Employee-Owned Laptops: Is More Control Worth Added Cost?

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Last spring and again last summer, some of us at IT Business Edge kicked around the idea of employee ownership of laptops. Gartner has been espousing this idea since 2005, when it predicted that 10 percent of companies would ask employees to buy their own laptops by 2008.

ITBE contributor Rob Enderle came out in favor, saying that companies could cut overhead and make employees happy by allowing them to buy their own gear. Ken-Hardin, the office skeptic, had plenty of doubts.

Now, based on a new study, Gartner is cautioning companies considering the idea not to assume they'll save money.

Total cost-of-ownership is virtually the same for company-purchased hardware and properly managed virtual machines running on employee-supplied laptops, according to a Gartner press release. Hard costs are actually higher for employee-owned gear, due to compensation provided to the employee and added third-party maintenance and support.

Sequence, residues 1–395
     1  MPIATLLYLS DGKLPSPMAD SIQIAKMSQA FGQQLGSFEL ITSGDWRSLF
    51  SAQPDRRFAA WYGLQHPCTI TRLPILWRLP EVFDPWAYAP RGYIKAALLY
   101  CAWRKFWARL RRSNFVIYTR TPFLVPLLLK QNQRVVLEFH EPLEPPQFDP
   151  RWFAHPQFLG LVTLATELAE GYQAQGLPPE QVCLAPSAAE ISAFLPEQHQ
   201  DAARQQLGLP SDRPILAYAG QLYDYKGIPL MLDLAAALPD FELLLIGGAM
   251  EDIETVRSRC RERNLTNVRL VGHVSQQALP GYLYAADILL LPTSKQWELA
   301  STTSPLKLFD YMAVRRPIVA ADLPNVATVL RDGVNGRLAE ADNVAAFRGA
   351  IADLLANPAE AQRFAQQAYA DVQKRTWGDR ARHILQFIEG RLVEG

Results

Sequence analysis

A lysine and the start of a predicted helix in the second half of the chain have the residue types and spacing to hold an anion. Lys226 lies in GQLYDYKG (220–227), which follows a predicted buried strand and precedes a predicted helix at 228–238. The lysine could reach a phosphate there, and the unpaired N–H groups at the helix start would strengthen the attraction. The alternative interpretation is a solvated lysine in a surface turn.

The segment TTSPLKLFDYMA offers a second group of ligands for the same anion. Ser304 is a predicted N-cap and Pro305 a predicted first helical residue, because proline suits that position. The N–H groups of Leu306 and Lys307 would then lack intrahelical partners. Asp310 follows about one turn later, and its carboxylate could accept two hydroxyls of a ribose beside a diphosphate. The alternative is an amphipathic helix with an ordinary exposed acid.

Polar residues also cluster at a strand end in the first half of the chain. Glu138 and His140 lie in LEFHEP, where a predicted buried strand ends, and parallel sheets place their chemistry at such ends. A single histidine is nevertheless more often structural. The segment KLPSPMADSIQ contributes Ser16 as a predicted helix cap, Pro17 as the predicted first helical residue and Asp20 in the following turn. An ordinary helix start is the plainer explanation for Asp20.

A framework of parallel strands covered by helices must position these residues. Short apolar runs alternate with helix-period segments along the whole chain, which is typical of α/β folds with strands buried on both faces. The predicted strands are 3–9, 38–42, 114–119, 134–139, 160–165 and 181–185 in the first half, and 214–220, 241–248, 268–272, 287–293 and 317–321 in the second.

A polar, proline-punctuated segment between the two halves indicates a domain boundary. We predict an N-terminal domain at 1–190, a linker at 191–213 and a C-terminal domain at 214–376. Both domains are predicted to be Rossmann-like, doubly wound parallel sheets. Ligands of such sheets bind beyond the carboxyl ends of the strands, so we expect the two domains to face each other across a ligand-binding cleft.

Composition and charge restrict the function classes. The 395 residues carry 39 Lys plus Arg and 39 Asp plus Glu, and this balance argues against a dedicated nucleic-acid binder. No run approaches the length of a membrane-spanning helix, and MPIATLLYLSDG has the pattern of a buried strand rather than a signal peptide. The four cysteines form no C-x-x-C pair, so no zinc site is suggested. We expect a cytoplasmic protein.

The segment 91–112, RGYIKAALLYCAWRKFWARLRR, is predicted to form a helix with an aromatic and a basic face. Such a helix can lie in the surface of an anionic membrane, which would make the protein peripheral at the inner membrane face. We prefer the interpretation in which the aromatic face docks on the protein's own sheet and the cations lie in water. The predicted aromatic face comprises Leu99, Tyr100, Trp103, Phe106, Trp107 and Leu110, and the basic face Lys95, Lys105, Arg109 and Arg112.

So if you won't save money, why do it? Gartner makes three main points:

  • Offering employees the ability to buy their own laptops should squelch complaints about company-issued machines. "Although it would be difficult to quantify through a cost-benefit analysis, a happier user is generally considered to be more productive," according to the release.
  • Management of business data and functions becomes more predictable, since the virtual machine segregates them from user-installed applications.
  • Also thanks to the virtual machine, IT can more easily control the operational environments of formerly "rogue" users.

Kind of a neat trick. Users feel like they are more in control, even though they aren't -- at least when it comes to what they are doing on the company's virtual machine. Ken raises some interesting issues about control in another take on the issue. He writes:

... there's all kinds of stuff employees can do with offline personal communication devices (their mouths, for example) that companies need to be concerned about from a liability standpoint. Swearing off control of machines that aren't currently logged on to their virtual sessions won't be a panacea for every risk -- but then again, what is.